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Dear Friends,


Christ is the term we use to talk about the mysterious union of the human and the divine, matter and Spirit.


We talk about the Jesus of history, the flesh and blood human that walked and ate and loved and died as we do, and we talk about the Christ of faith, the Son of God, Lord and Savior.


Our belief in that mysterious reality that we call Christ is what makes us Christians.


It is my opinion that we do not have a very useful vocabulary for talking about Christ because we sort of jumble up the Holy Trinity into an all-purpose word and all-purpose concept that we call, “God.”


I use that term, God, all of the time without a good deal of precision or clarity.


That one word has come to be sufficient for a whole raft of experiences and ideas that, in reality, deserve to be given more thoughtful and nuanced consideration.


Through the last quarter of the 20th century into the first quarter of the 21st, the study of Christ and how our belief in that divine/human, matter/spirit mystery could be interpreted in the context of our actual experiences was taken off the table.


Pope John Paul II taught that he had the power to definitively interpret and teach what we believed about Christ so all other speculation and teaching about Christ was foreclosed on by his vocabulary and his experience.


The Church’s teachings about Christ became very didactic and shifted out of the realm of mystery and faith into the realm of moral certainty on a relatively few issues with the Church’s leaders assuming the roles of victims under assault by a hedonistic, secular culture.


The reality is more complex, of course, but the conversation that ought to exist between our faith and our lives as we live them didn’t happen in a very effective manner so our faith in Christ is a diminishing influence in how we actually shape their lives.


The characters that we have met and will meet in Mark’s Gospel these days are very much like us, very much like contemporary prosperous Americans.


This week’s Gospel story introduces us to two men concerned about their prerogatives, last week we met a sincere young man with no capacity to appreciate things of the spirit and with a codependence on “stuff.”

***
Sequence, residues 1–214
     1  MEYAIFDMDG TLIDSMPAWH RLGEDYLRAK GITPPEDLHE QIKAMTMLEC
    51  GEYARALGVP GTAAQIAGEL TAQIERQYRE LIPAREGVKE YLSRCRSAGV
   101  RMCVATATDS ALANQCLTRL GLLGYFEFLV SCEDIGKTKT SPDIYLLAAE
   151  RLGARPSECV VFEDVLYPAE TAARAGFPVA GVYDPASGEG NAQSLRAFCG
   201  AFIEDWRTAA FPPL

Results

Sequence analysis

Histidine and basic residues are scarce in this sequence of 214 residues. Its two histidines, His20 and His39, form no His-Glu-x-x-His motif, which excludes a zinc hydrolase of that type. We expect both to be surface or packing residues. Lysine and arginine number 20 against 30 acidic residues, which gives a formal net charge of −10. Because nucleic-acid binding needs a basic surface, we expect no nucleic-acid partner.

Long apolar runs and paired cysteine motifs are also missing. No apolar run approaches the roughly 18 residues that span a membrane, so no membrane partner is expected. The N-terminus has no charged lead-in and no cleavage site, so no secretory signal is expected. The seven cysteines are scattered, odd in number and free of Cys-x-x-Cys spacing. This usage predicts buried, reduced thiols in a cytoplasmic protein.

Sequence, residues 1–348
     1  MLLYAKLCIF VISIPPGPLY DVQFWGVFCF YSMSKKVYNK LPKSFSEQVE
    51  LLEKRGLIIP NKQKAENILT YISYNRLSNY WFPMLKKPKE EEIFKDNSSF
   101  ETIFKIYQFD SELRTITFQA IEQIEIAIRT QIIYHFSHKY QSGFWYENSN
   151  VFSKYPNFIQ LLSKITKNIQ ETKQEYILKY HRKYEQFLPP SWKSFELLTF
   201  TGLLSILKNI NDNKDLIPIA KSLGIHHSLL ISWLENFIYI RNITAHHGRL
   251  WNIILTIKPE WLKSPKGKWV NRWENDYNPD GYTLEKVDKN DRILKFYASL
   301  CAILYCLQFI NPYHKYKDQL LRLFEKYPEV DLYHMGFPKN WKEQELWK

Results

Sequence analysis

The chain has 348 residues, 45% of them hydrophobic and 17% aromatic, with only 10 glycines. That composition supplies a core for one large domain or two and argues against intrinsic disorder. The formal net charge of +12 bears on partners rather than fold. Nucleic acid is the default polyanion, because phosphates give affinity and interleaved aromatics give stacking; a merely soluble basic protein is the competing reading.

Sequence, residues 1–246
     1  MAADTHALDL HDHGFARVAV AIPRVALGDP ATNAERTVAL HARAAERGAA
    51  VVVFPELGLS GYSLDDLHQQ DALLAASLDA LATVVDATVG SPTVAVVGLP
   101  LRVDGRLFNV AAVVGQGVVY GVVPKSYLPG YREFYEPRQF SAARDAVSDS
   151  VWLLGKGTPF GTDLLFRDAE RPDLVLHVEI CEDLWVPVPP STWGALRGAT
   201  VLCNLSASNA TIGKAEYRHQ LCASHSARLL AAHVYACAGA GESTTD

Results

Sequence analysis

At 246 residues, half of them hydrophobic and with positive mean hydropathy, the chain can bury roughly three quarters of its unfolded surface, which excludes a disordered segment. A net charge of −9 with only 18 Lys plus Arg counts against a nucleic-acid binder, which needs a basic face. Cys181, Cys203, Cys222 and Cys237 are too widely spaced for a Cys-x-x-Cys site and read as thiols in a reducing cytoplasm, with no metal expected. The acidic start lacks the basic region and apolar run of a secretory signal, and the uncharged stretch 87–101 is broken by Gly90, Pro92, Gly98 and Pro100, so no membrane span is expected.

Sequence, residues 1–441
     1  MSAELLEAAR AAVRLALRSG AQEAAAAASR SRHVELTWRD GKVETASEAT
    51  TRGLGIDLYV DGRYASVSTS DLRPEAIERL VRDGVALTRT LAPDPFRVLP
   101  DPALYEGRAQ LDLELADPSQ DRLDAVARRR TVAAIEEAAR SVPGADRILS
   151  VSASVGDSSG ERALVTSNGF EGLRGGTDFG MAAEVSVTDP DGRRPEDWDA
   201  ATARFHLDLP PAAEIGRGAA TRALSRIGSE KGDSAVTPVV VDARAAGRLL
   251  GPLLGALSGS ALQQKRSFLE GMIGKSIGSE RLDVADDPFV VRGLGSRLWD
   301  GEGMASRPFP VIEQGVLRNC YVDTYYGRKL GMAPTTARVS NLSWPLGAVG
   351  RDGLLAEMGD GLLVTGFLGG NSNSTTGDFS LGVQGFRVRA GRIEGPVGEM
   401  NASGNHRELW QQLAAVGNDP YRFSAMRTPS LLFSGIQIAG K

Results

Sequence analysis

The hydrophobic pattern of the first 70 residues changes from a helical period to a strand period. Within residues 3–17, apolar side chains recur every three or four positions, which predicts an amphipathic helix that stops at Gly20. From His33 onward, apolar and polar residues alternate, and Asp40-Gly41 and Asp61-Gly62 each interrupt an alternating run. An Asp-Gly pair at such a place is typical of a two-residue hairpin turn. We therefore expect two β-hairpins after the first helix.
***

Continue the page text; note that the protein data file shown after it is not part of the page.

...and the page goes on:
There is an increasingly explicit alliance between evangelical Christians and better educated wealthy Catholic men, both are concerned about male prerogatives and both put almost exclusive dependence on the acquisition and maintenance of “stuff.”


Evangelical Christians have no history of a biblically based theology of Christ as Catholics do, their Christ is a teacher of moral behavior and many better educated wealthier Catholics understand Christ only as a moral teacher.


The Gospel texts are not easily read as simply moral teachings, however, unless you take words and phrases out of their context and isolate them, which is not at all how the Gospel writers understood their compositions.


Culture warrior evangelical Christians and their Catholic counterparts are focused on behavior that is limited to personal morality, especially as viewed through the prism of sexuality and gynecology, but those concerns are very difficult to directly find to be concerns of Jesus in the Gospel texts.


That is not to say that there are not serious and significant moral issues relative to sexuality and gynecology but when these issues are extracted from their Gospel context and stand-alone it is difficult to understand their Christological significance.


The far more mysterious and complicated teachings of Christ about our need to trust, forgive, become non-violent in our relationships, find complete joy, and, especially, to lose our lives and die, have become fallow concepts that are not preached or taught with any consistency or enthusiasm.


The growing kinship between evangelical Christians of a certain type and better educated wealthy Catholics of a certain type is creating a more efficient understanding of Christ, easily channeled to serve narrow political purposes that maintain systems and policies that perpetuate real evil and try to suppress the inspiration and hope that proclaiming the Kingdom of God requires.


The absence of a vital and open conversation between our faith in Christ and the texture and rhythm of our actual experiences creates an institutional Church that is handicapped in proclaiming a meaningful theology of Christ that would lead to a more engaging and real experience of the People of God that are God’s people only because of Christ.



Father Niblick



The books I talked about at the 4 and 8:30 Masses last weekend are by Michael Pollan, The Botany of Desire and How to Change Your Mind: What the New Science of Psychedelics Teaches Us About Consciousness, Dying, Addiction, Depression, and Transcendence.


The second book, How to Change Your Mind, deals with the very limited research being done in clinical settings using LSD to help terminally ill people deal with their sickness and death. Preliminary studies have found that therapeutic use of LSD with dying patients affords the patient an experience that they call spiritual or mystical and helps the person overcome to a great degree the fear that can make dying less human and fruitful that it might be.


LSD and related substances, apparently, “dissolve” (my word) the dualistic, binary consciousness of either/or thinking and make the person feel more grounded and a part of a bigger reality that some of us might call Christ.


Research with marijuana has a different application, although, increasingly the benefits of marijuana in dealing with a variety of afflictions and diseases are rapidly being appreciated and marijuana is increasingly in use.


Both marijuana and LSD and associated drugs have been politicized and criminalized for reasons that make their therapeutic use subject to suspicion and dismissal, not to mention, prison terms.